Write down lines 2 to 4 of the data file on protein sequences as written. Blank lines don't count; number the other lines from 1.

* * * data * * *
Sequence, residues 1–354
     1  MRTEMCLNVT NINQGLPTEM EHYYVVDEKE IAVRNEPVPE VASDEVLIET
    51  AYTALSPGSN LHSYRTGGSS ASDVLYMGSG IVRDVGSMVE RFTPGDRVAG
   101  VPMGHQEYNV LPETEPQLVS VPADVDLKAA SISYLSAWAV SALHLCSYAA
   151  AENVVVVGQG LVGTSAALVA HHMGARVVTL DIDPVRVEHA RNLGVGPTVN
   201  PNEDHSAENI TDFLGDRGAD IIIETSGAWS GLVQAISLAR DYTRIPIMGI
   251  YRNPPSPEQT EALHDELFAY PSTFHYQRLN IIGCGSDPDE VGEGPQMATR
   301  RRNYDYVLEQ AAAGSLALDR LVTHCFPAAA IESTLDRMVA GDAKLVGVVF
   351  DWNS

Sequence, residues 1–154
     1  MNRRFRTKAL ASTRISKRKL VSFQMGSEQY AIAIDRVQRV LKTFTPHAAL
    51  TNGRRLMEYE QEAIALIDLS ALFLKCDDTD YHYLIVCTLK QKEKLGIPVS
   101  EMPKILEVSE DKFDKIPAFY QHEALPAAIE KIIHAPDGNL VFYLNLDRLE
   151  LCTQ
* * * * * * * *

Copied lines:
     1  MRTEMCLNVT NINQGLPTEM EHYYVVDEKE IAVRNEPVPE VASDEVLIET
    51  AYTALSPGSN LHSYRTGGSS ASDVLYMGSG IVRDVGSMVE RFTPGDRVAG
   101  VPMGHQEYNV LPETEPQLVS VPADVDLKAA SISYLSAWAV SALHLCSYAA